There have been many recent developments in the fertility sector and associated law and practice. It remains a fast moving and evolving area on many fronts.

The UK fertility watchdog, the Human Fertilisation and Embryology Authority (HFEA), is currently considering an application by a group of scientists in London who seek permission to edit human embryos. This scientific group want to increase understanding about human genes needed for human embryos to develop successfully.  Their aim is to reduce the incidence of miscarriage and infertility and improve fertility treatments. If permission is granted by the HFEA, it will be the first scientific group to do this research outside of China.  Genetic modification of human embryos in Britain would, if approved, be legally restricted.  Embryos would not be allowed to be implanted into the womb. Genetic modification of embryos raises a plethora of issues, not least from a regulation perspective.

There has been recent media coverage of a UK sperm donor who claims to have fathered more than 800 children through private unlicensed sperm donation.  HFEA guidelines advise that a sperm donor should only donate to a maximum of ten families in the UK, to reduce cases of consanguinity and following research about family views on numbers of donor-conceived half-siblings. Private unlicensed sperm donation is believed to be rising in the UK for a variety of reasons including the cost of fertility treatment.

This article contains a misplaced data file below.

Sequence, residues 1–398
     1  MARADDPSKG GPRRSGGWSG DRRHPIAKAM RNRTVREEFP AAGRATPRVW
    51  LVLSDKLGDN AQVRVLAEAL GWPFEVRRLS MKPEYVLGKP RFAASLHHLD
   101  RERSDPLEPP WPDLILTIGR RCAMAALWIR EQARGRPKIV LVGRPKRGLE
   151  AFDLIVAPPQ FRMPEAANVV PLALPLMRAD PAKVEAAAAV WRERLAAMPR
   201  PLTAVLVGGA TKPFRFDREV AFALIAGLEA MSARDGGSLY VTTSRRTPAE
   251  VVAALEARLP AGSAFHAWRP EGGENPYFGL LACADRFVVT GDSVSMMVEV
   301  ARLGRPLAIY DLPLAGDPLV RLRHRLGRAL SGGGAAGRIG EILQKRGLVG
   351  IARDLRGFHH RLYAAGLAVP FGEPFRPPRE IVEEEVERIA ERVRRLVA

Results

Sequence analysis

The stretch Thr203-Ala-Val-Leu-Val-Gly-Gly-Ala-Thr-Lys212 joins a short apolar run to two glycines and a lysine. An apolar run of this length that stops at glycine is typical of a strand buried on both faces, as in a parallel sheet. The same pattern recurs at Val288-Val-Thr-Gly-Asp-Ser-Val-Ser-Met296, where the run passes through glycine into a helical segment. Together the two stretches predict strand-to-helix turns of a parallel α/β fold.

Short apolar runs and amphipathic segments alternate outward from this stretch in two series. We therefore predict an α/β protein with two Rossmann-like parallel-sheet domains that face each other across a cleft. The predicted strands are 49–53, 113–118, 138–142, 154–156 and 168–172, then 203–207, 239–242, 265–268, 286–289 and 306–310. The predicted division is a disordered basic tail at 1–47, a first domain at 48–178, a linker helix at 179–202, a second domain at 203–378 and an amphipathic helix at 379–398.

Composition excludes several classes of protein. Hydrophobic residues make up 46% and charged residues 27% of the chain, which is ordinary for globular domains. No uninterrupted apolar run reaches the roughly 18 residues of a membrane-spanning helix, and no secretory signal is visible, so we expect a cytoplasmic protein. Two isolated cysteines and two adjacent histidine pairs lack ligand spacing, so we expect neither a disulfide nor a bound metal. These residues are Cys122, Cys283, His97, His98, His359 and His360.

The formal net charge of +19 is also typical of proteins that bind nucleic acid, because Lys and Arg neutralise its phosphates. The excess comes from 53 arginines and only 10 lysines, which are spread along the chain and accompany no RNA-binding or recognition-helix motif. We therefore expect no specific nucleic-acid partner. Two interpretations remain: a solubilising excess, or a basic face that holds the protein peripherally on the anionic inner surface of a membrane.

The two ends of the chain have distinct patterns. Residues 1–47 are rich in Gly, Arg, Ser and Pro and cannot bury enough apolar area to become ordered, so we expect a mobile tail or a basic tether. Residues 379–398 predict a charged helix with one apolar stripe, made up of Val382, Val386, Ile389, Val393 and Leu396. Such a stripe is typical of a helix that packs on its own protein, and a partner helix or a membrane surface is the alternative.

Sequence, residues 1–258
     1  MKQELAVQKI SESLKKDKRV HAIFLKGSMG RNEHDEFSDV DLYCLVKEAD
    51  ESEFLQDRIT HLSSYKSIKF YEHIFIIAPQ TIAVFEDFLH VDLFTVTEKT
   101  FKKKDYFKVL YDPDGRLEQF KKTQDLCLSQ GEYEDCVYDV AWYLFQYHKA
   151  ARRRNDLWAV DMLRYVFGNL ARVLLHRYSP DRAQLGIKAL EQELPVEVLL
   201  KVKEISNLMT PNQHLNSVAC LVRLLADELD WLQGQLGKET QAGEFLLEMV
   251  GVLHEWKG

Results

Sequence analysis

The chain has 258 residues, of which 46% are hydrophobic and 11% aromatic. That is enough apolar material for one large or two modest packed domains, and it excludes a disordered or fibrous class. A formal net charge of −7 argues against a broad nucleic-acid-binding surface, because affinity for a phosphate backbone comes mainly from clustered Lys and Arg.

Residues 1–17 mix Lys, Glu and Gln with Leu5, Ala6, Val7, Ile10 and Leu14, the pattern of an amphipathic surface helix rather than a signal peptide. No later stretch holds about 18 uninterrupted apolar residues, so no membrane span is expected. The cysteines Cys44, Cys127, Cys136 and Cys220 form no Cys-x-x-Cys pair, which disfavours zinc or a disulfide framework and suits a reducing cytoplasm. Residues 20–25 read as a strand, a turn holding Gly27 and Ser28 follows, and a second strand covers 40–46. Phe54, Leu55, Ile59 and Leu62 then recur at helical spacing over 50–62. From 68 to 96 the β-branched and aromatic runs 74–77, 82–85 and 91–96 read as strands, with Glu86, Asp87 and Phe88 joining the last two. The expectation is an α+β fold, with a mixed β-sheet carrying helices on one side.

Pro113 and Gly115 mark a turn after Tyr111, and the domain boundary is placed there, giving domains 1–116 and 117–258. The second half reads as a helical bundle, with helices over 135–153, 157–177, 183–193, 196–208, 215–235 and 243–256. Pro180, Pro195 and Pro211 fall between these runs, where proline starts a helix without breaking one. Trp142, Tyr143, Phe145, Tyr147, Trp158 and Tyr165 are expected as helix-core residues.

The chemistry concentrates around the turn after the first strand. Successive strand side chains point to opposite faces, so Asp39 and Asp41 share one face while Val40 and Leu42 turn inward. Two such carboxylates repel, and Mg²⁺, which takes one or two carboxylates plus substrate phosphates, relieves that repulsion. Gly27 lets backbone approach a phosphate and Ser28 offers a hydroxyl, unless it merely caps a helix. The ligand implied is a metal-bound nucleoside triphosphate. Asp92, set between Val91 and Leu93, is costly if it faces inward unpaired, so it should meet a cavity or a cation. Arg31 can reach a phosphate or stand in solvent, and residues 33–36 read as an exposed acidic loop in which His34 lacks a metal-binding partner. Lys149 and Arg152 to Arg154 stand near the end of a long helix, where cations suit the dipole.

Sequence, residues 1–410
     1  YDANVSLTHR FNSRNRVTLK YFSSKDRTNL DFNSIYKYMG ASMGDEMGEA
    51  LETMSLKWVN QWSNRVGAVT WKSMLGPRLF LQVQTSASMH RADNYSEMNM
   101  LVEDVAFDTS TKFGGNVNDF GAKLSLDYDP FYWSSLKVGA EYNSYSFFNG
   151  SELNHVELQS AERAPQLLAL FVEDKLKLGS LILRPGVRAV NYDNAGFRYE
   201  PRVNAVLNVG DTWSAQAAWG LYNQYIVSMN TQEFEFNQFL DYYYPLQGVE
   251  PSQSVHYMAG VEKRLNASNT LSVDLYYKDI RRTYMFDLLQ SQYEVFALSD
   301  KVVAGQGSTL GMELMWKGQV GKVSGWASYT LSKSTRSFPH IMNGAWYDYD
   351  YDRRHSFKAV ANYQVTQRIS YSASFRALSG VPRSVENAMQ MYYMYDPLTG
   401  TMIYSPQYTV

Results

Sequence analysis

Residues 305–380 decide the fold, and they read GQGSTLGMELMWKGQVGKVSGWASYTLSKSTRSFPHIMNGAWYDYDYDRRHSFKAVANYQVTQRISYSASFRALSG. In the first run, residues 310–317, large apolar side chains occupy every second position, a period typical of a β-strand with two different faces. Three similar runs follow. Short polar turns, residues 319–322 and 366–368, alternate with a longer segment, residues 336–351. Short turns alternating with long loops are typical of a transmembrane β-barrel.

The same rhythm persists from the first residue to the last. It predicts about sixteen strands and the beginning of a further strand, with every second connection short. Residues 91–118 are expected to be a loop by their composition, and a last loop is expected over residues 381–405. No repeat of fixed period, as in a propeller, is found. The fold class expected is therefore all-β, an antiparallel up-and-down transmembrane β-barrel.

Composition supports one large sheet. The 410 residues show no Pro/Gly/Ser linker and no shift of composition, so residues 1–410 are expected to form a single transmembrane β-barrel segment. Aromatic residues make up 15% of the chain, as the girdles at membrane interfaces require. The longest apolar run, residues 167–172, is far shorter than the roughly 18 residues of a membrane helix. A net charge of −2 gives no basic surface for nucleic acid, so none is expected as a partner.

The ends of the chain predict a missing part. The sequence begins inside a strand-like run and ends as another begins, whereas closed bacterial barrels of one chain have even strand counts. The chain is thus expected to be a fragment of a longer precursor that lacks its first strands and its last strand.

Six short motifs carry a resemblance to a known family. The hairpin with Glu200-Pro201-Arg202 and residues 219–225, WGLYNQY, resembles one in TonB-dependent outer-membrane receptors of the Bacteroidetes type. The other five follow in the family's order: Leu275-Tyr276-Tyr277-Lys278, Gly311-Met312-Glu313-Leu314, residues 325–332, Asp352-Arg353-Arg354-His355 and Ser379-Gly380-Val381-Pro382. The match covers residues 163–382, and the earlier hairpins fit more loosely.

Private unlicensed sperm donation can create complex legal issues and unwanted outcomes in practice, leaving aside the medical aspects.  It can leave sperm donors with unintended legal and financial responsibility for the donor conceived child and create legal uncertainty for all parties.  Private unlicensed sperm donation can also vary in nature and character.  It can involve a 'known donor', which can create a different dynamic and wider set of issues compared with those associated with an arms-length private sperm donor. This makes it very important to understand and proactively manage the legal issues and implications in practice from the outset.

The HFEA has over the last year reviewed policy and practice concerning informed consent to fertility treatment at UK licensed fertility clinics.  Fertility patients need to understand the legal issues, implications and outcomes of their treatment not only for themselves but also for their future born child and others involved in the process. The provision of informed consent to fertility treatment is much more than a paperwork exercise. In September 2015, the English High Court highlighted the real life problems that occur when informed consent to fertility treatment falls short, which left eight couples embroiled in legal parenthood proceedings and highlighted a further 75 similar cases.